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Students Just Recreated Martin Shkreli’s $750 Drug for $2

Students Just Recreated Martin Shkreli’s $750 Drug for $2

Although Martin Shkreli made the headlines last year, he actually didn’t appear in the news for good reasons; many at that time had said that he was pretty greedy as he jacked up the price of an anti-parasitic drug from $13.50 to $750 per tablet. Well, just as we would expect, that silly move really caused ripples as the man came under intense pressure from the medical world and the media.

Some high school students in Australia have now created 3.7 grams of Daraprim in their lab for $20, a quantity that Shkreli’s company will sell for over $35,000 in the United States. Truing Pharmaceutical sells the medicine at a 50% discount to US hospitals but has refused to slash the price for private patients.

Daraprim is one of the essential medicines that the world health organization recommends as it is very good in treating infections likes toxoplasmosis and malaria. This medicine is used for patients with low immunity, and that’s why it’s a wanted commodity as pregnant women, chemotherapy patients, and HIV patients can’t do without them.

Ever since September last year, students of Sydney Grammar School have been working real hard to synthesize the active ingredients of Darapim as part of an after-school chemistry project. According to the students, the reason they were putting in their best into the project was mainly because they were working on “real-world problems.”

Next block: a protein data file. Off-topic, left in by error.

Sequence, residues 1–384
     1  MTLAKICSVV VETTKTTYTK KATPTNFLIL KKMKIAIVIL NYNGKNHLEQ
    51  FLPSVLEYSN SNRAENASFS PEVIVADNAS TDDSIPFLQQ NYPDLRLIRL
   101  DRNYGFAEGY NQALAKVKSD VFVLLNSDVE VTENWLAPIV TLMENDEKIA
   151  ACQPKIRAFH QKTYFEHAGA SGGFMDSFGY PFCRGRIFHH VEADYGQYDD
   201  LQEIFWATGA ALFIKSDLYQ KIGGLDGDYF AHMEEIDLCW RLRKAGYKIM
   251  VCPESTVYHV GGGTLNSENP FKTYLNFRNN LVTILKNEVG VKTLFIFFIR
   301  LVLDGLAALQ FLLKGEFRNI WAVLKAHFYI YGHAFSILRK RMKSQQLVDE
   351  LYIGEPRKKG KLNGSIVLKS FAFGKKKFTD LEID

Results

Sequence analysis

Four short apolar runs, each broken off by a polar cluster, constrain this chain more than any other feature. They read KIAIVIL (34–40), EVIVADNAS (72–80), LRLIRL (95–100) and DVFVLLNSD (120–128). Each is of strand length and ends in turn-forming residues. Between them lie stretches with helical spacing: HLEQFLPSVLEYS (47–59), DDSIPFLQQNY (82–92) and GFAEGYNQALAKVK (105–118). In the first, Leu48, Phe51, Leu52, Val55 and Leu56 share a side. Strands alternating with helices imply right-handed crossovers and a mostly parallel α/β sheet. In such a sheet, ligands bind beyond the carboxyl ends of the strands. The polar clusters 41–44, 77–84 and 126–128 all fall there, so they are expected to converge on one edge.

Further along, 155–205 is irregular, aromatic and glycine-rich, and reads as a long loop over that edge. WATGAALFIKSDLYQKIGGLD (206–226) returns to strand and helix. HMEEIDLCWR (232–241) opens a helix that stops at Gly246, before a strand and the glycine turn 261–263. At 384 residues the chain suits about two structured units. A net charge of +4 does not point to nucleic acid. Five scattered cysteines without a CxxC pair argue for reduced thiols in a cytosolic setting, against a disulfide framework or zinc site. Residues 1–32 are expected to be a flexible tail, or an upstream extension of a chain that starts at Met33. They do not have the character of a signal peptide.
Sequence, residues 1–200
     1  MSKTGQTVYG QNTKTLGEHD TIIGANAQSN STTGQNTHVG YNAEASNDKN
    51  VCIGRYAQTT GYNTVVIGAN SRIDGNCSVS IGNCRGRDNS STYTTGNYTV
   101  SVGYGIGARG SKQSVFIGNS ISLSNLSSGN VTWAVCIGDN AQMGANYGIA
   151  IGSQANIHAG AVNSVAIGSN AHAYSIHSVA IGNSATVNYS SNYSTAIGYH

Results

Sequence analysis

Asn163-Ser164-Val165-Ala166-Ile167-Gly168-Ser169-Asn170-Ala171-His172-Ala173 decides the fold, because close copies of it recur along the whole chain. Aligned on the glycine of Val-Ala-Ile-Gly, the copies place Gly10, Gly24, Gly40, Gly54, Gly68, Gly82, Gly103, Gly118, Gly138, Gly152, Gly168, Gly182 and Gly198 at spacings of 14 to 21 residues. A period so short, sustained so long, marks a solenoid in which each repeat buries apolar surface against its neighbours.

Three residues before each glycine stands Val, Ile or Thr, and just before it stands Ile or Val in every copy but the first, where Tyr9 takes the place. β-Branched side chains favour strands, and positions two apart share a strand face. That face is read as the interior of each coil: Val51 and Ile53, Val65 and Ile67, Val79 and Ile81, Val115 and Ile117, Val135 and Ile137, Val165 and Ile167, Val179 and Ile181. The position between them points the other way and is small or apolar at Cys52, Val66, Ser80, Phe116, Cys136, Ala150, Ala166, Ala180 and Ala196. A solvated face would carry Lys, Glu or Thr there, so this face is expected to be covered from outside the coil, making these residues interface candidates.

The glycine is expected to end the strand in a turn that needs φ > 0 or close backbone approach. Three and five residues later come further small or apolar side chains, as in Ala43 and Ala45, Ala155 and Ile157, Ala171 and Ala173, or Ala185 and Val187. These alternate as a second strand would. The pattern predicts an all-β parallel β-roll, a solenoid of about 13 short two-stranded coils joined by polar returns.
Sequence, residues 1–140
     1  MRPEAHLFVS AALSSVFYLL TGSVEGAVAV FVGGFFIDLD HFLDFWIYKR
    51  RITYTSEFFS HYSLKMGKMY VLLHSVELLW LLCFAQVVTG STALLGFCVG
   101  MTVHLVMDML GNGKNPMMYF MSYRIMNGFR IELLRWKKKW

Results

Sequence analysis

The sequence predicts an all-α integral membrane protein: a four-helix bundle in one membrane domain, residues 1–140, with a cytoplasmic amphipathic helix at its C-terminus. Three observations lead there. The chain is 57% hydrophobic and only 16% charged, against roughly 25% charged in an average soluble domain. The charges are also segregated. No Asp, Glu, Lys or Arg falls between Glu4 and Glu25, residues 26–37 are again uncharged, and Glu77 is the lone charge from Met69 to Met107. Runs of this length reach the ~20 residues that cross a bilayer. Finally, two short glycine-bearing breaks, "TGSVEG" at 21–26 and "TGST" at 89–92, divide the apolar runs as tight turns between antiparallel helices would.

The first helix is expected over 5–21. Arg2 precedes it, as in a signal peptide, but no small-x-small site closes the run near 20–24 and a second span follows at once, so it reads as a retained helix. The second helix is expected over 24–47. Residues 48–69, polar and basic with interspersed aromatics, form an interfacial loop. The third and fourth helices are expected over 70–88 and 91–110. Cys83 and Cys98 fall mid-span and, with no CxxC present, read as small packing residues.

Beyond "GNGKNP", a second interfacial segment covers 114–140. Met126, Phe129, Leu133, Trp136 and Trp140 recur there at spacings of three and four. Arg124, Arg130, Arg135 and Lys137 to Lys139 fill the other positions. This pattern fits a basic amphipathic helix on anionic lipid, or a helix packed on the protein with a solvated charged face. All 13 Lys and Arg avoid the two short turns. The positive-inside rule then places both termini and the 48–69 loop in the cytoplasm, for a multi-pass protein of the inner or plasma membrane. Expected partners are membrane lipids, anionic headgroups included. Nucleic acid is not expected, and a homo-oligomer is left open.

The students worked with Alice Williamson, a top chemist at the University of Sydney through an online research sharing platform called “Open Source Malaria” which is used to treat malaria with publicly available drugs and medical techniques. The boys then went on to make pyrimethamine, which is the active ingredient in Daraprim. The interesting thing about the project is that the boys manufactured the active ingredient using raw ingredients since the patented method would be very dangerous for their chemistry lab.

Students Just Recreated Martin Shkreli’s $750 Drug for $2

After 12 months of continuously working on the medicine, the boys managed to produce a pure pyrimethamine, and the purity was confirmed by Alice Williamson before presenting their results at the Royal Australian Chemical Institute.

Well, let’s just hope many others will create products that will challenge that of Turing Pharmaceuticals. Since the company now controls the distribution and sales of Daraprim in the United States, it will take a trial of their product and that of the competitor to allow the sales of a competitor’s Daraprim in the US.